Contrasting fortunes for New Zealand's hockey teams at the Rio Olympics.

The women, ranked fourth in the world, made an emphatic statement with their first up 4-1 win over eighth-ranked Korea today. Purely on rankings, they would expect to be semifinalists, as they were in London four years ago.

They face Germany early tomorrow and should be good enough to win a minimum three of their remaining four pool games, the exception being the world's best, the Netherlands.

Goals from Kirsten Pearce, Petrea Webster, Charlotte Harrison and Gemma Flynn ensured a comfortable margin over the Koreans, with goalkeeper Sally Rutherford a strong performer.


Defender Stacey Michelsen said her side's ability to move the ball around the field in hot conditions was a key point of difference.

"Our linking through the layers all across the turf was great today, we really played as a team which was fantastic.

"It's always very important to be able to keep moving the ball around in the heat, and we certainly did that well and it led to goals," she said.

The men got on the points table with a 2-2 draw against Britain, having lost their opener 2-1 to world No 1 Australia.

A Kane Russell shot from a penalty corner and a clever backhand drive from teenager Hayden Phillips had New Zealand 2-1 up before veteran Barry Middleton squared things up just before halftime for Britain.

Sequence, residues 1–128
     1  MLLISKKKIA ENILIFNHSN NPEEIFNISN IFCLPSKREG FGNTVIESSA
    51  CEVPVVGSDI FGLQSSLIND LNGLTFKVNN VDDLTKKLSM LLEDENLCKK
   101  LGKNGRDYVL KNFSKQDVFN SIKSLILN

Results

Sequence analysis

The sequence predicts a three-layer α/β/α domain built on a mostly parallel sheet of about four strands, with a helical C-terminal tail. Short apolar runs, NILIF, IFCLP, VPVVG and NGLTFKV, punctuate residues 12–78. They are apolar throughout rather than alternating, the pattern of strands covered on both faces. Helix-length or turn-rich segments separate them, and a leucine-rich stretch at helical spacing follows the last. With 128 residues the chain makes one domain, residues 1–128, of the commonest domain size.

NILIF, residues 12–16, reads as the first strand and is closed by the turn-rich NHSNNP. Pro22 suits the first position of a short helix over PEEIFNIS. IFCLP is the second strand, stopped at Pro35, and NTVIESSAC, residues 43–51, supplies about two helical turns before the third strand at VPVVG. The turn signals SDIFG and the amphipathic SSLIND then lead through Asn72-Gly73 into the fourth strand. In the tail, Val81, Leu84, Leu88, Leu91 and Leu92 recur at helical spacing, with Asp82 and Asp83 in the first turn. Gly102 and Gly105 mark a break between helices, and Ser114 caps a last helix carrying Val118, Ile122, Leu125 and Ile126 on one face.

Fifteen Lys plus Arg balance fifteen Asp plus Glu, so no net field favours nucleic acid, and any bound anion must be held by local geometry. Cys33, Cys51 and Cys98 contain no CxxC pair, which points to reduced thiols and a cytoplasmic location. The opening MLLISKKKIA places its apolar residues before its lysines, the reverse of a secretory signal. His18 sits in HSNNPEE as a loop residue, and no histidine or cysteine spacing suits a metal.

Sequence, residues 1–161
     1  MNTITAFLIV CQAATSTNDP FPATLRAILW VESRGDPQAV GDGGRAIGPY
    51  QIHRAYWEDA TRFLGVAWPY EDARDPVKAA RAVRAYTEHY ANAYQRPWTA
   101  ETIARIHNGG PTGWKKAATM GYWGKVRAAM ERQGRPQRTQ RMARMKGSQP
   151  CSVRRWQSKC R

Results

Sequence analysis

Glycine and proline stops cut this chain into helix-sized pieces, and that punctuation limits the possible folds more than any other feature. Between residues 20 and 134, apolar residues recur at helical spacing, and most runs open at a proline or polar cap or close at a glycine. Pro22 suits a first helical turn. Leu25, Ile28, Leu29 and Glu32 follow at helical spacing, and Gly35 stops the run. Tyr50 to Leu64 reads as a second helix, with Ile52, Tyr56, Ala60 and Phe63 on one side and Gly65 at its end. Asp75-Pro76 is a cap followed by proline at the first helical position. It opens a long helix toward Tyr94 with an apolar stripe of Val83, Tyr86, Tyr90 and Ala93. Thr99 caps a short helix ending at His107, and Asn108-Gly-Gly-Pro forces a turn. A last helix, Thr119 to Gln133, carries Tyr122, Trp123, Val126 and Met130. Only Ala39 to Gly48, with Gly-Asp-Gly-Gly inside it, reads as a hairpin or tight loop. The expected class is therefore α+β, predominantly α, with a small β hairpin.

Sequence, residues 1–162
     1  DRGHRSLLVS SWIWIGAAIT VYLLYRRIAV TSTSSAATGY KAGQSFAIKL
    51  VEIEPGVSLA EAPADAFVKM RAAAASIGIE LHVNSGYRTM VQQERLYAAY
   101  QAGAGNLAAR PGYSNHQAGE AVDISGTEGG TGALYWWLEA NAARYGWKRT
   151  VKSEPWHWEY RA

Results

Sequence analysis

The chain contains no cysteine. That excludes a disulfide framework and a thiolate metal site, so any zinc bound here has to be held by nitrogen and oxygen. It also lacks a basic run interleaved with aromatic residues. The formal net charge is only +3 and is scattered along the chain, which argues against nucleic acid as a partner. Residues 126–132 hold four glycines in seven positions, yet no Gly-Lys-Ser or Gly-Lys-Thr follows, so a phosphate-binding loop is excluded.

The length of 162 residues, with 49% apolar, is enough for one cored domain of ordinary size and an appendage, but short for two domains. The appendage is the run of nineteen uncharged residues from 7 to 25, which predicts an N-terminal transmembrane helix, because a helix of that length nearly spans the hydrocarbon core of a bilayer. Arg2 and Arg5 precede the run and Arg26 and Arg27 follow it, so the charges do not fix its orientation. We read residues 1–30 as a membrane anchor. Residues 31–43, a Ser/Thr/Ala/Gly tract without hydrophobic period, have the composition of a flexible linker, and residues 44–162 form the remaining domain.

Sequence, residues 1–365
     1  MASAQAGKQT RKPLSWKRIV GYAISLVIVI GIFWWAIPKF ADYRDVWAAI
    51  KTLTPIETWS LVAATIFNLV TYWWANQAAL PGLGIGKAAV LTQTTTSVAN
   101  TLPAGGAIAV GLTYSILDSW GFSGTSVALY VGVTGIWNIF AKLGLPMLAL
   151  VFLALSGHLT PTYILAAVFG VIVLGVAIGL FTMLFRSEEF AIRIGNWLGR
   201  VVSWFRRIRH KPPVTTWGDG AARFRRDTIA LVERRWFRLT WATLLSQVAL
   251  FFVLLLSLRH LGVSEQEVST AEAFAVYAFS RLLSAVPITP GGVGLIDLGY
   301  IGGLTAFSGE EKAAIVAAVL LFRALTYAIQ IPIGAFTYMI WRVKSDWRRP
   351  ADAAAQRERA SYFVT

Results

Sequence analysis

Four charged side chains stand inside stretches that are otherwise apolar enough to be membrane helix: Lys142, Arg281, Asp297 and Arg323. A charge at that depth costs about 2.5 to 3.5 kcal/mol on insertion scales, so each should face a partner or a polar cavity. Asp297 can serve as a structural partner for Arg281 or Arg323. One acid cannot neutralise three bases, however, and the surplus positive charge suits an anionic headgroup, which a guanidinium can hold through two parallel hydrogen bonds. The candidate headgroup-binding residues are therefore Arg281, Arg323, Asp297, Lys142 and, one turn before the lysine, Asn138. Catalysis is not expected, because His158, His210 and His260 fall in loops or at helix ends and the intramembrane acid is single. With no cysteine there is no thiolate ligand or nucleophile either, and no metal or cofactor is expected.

New Zealand, ranked eighth, had to take something from the game but they still sit well off the pace, being set by Belgium, with six points, while Spain and Australia have three each.

"After our last game we needed to step up in the way we defended the circle and connected in the midfield and up front, I think we achieved that," coach Colin Batch said.

"We didn't get the result we were after but (it was) certainly a big step up in our performance. The key now is to recover and have some fun as well, not get too intense and make sure we put in another good performance against Spain."

One point they will be conscious of is the changed format for this Games tournament.

The top four teams from each pool advance into quarter-finals. The catch is if the Black Sticks finish, say fourth, they're likely to face the formidable Dutch, ranked second, in the last eight.

Which is why the next three games - Spain (ranked 11th), Brazil (30th) and Belgium (6th) - shape as very close to must-wins. The higher they get on the ladder, potentially the easier the quarter-final.

The women's Black Sticks, by contrast, have started as they mean to go on.